Wrong. Do you think that is how Apple has created overwhelming demand for their products, waiting for their customer to realize their need for the iPhone, iPod, Apple Watch, etc.?

Steve Jobs famously said: “A lot of times, customers don’t know what they want until you show them.”

Well, that strategy has certainly worked for Apple.

[Tweet “”A lot of times, customers don’t know what they want until you show them.” – Steve Jobs #marketingstrategy http://bit.ly/2jfRlZe”]

In a past life, I was a Financial Advisor (sometimes we take a side road to get back on the highway). I walked door-to-door asking people about their experience with investing, financial advisors, planning for retirement, etc.

In some ways the financial industry isn’t that different from the software industry. Not many people understand it, but people know they need it. There are too many acronyms and most of the work is done without the client/customer seeing or even understanding the instruments and tools used.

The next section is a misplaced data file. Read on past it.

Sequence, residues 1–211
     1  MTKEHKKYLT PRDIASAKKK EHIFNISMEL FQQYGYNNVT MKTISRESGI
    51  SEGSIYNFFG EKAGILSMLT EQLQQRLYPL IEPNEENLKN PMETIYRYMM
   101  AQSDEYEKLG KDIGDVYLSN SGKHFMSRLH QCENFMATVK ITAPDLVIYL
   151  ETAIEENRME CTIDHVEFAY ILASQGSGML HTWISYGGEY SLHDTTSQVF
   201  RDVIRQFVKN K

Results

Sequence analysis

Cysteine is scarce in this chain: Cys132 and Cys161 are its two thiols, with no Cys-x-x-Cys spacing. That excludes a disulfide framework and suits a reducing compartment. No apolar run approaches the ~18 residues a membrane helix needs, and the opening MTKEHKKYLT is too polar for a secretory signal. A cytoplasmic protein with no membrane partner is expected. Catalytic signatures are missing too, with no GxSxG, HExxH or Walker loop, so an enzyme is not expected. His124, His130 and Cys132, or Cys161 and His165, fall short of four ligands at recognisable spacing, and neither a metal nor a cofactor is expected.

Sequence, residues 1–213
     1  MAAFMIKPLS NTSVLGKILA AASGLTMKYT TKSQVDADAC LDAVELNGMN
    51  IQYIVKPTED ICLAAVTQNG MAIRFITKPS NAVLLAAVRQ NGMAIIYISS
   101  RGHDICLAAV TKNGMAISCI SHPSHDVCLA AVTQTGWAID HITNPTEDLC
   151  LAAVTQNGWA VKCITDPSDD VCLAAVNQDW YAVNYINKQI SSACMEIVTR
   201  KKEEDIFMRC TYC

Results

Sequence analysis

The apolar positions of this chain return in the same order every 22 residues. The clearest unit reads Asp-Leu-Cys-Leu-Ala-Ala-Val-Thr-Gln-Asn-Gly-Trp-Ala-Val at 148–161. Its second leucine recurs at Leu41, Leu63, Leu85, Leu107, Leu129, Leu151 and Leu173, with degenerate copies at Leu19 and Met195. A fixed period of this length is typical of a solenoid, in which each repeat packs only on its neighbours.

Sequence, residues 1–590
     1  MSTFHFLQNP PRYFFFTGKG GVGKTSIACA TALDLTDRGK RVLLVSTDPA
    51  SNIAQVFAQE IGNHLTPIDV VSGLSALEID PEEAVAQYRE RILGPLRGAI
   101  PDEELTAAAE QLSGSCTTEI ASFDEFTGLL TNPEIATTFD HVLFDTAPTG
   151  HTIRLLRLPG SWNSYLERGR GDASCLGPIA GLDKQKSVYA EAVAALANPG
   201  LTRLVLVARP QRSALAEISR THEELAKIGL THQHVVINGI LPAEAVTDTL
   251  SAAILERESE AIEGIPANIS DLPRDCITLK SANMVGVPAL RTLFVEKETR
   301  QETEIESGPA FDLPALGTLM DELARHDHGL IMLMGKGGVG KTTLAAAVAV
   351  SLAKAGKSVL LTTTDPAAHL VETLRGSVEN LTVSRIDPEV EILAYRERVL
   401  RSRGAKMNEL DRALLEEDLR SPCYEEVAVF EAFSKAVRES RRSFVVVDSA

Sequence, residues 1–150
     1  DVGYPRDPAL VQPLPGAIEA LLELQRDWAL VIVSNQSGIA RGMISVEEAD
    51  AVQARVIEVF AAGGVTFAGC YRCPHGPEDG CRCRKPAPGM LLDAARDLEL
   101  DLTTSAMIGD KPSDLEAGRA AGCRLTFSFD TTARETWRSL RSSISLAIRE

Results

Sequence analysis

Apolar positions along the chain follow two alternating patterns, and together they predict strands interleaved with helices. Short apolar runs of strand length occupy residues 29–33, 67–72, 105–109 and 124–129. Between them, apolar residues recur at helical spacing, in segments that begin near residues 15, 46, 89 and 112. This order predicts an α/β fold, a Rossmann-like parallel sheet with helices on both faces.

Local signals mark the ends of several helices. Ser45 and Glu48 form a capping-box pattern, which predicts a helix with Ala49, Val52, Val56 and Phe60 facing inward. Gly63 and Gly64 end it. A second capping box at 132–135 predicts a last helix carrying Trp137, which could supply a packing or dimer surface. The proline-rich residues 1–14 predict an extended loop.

What I learned from this experience is, although many of the people I spoke with had wanted to plan for their retirement they just didn’t know where to start. Also, those that were currently working with a Financial Advisor also felt a bit left in the dark as to what was actually happening with their accounts and investments, another common thread to software service providers.

I was the only one going door-to-door asking about their experience, their interests and if they wanted a second opinion on their current investments and retirement plan.

This worked well for me to build my business because:

      1. I showed a genuine interest in my clients;
      2. I addressed a need they may not have been aware of but knew they needed;
      3.I asked for their business through offering a complimentary service.